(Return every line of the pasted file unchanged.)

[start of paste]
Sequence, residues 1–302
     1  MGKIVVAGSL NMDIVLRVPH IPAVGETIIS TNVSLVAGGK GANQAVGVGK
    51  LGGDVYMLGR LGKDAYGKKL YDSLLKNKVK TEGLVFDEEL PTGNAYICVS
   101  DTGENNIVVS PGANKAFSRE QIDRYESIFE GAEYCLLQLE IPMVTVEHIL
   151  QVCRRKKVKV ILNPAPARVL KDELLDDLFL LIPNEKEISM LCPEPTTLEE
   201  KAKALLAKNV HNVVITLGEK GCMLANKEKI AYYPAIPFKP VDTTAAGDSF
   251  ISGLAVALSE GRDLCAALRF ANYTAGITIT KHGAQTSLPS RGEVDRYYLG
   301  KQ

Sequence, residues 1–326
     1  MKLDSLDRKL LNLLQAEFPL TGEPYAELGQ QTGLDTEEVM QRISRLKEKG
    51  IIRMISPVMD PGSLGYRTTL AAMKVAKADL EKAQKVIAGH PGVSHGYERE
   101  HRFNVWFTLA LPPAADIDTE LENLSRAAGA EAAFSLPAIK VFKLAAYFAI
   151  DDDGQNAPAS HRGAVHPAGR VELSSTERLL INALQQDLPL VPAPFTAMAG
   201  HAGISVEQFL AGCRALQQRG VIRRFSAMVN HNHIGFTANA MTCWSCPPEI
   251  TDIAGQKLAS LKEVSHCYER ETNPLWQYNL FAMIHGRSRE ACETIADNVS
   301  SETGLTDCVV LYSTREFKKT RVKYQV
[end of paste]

Sequence, residues 1–302
     1  MGKIVVAGSL NMDIVLRVPH IPAVGETIIS TNVSLVAGGK GANQAVGVGK
    51  LGGDVYMLGR LGKDAYGKKL YDSLLKNKVK TEGLVFDEEL PTGNAYICVS
   101  DTGENNIVVS PGANKAFSRE QIDRYESIFE GAEYCLLQLE IPMVTVEHIL
   151  QVCRRKKVKV ILNPAPARVL KDELLDDLFL LIPNEKEISM LCPEPTTLEE
   201  KAKALLAKNV HNVVITLGEK GCMLANKEKI AYYPAIPFKP VDTTAAGDSF
   251  ISGLAVALSE GRDLCAALRF ANYTAGITIT KHGAQTSLPS RGEVDRYYLG
   301  KQ

Sequence, residues 1–326
     1  MKLDSLDRKL LNLLQAEFPL TGEPYAELGQ QTGLDTEEVM QRISRLKEKG
    51  IIRMISPVMD PGSLGYRTTL AAMKVAKADL EKAQKVIAGH PGVSHGYERE
   101  HRFNVWFTLA LPPAADIDTE LENLSRAAGA EAAFSLPAIK VFKLAAYFAI
   151  DDDGQNAPAS HRGAVHPAGR VELSSTERLL INALQQDLPL VPAPFTAMAG
   201  HAGISVEQFL AGCRALQQRG VIRRFSAMVN HNHIGFTANA MTCWSCPPEI
   251  TDIAGQKLAS LKEVSHCYER ETNPLWQYNL FAMIHGRSRE ACETIADNVS
   301  SETGLTDCVV LYSTREFKKT RVKYQV